Gregory B. Jarvis had been eagerly looking forward to the Challenger mission after being bumped from two previous flights: last year by Sen. Jake Garn (R-Utah) and earlier this month by Rep. Bill Nelson (D-Fla.).

Just before yesterday's flight, Jarvis, 41, said he was "excited, but not nervous."

"You get very comfortable that for any contingency they know what to do. So I feel very, very comfortable."

As a payload specialist, Jarvis said that he wouldn't have much to do during the liftoff and would "be holding onto my seat."

A civilian engineer for Hughes Aircraft Co., Jarvis was to have conducted six days of experiments on the effects of weightlessness on fluid carried in tanks. These had been planned to provide information on the design of liquid-fueled rockets.

Jarvis had been scheduled to make his first shuttle flight -- aboard the spacecraft Discovery -- last April, but his place was taken by Garn, who became the first member of Congress in space. He also was replaced, this time by Nelson, on a flight of the shuttle Columbia, which landed Jan. 18.

Jarvis, who had described himself as a "workaholic," spent his spare time practicing classical guitar, river rafting, riding his bicycle and playing squash and racquetball.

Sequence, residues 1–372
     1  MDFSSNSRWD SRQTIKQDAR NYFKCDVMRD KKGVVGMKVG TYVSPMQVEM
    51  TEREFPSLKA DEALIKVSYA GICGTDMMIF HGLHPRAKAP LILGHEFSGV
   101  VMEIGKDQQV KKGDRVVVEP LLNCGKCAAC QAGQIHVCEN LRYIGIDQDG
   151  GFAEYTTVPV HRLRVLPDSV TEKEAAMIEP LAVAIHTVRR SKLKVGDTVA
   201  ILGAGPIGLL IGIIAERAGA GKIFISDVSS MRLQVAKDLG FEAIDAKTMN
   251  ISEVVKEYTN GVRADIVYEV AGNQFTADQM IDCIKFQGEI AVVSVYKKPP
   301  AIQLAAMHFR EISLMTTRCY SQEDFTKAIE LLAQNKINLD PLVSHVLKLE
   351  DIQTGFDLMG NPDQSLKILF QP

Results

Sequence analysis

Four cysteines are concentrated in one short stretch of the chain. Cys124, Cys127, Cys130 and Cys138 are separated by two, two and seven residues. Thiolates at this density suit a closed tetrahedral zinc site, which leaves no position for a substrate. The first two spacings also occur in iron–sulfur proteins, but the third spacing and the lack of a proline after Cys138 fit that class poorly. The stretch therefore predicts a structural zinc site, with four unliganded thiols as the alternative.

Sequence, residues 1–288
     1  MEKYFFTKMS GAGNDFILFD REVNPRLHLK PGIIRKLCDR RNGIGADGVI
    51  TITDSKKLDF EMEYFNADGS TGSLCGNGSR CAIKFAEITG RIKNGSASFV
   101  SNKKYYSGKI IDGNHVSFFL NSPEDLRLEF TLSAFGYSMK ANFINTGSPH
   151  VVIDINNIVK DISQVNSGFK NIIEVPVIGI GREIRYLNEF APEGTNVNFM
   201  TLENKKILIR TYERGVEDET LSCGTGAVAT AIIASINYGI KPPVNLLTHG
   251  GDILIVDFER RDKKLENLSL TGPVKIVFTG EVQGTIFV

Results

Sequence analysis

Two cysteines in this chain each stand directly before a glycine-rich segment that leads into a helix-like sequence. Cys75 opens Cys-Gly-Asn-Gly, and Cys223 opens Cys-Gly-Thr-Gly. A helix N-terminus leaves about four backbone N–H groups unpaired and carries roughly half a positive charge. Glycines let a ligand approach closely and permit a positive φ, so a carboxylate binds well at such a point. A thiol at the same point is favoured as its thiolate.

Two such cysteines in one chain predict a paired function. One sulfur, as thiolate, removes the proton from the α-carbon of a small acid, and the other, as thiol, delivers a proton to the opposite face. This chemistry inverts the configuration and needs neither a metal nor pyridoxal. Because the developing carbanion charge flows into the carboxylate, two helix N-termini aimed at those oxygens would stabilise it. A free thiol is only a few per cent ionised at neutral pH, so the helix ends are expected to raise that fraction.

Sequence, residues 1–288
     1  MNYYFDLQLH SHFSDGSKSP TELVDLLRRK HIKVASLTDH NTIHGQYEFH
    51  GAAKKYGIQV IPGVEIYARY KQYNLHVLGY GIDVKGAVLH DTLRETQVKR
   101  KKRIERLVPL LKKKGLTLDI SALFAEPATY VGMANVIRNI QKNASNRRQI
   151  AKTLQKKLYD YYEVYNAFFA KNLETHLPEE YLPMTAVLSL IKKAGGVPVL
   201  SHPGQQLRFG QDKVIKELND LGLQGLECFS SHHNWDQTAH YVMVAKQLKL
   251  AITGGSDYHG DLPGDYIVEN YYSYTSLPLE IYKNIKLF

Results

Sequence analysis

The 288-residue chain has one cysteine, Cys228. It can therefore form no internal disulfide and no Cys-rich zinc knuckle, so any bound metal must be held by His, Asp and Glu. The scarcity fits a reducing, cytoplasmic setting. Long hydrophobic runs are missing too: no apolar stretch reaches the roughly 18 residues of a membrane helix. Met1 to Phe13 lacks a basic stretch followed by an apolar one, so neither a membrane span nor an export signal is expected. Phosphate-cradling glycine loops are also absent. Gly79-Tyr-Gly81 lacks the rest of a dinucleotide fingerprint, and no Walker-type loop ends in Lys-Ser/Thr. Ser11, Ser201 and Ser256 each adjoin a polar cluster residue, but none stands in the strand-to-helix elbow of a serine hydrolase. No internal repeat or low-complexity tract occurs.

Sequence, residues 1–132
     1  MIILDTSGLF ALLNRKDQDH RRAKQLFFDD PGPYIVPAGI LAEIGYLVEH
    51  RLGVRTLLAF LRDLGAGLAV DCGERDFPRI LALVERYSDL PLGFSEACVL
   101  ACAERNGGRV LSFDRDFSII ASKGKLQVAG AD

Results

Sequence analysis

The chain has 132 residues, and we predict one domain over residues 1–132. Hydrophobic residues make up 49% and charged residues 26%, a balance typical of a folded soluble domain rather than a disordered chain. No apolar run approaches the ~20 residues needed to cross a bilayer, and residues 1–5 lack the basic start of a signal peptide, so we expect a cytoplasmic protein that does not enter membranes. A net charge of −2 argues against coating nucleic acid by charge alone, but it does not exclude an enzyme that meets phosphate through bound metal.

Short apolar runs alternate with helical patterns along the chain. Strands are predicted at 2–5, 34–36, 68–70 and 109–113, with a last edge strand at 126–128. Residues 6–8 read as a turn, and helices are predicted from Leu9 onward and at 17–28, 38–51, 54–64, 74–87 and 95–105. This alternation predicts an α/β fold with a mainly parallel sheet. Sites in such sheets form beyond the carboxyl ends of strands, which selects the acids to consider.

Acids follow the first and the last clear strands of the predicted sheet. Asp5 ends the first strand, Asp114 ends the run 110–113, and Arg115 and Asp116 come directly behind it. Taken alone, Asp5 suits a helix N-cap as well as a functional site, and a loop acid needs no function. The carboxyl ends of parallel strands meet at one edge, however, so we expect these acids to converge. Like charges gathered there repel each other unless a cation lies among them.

Born Aug. 24, 1944, in Detroit, Jarvis graduated from high school in Mohawk, N.Y. He earned a bachelor's degree at State University of New York in Buffalo in 1967 and a master's at Northeastern Univeristy in Boston in 1969. Both degrees were in electrical engineering.

In July 1969, he entered the Air Force and was assigned to the Space Division in El Segundo, Calif., where he specialized in advanced tactical communications satellites.

He joined Hughes in 1973, and ultimately served as the spacecraft manager responsible for the final assembly and testing of communications satellites.

Garn told reporters, "It's very hard for me to talk about it because these are my friends. "I don't know of any time I have been more shocked or more moved."

Nelson was watching the launch on television in his office with staff members. David Dickerson, Nelson's press secretary, said, "It was really just dead silence in the room. Frankly, no one said a word. The TV spoke for itself . . . . "

Jarvis is survived by his wife Marcia and by his parents, Bruce and Lucille.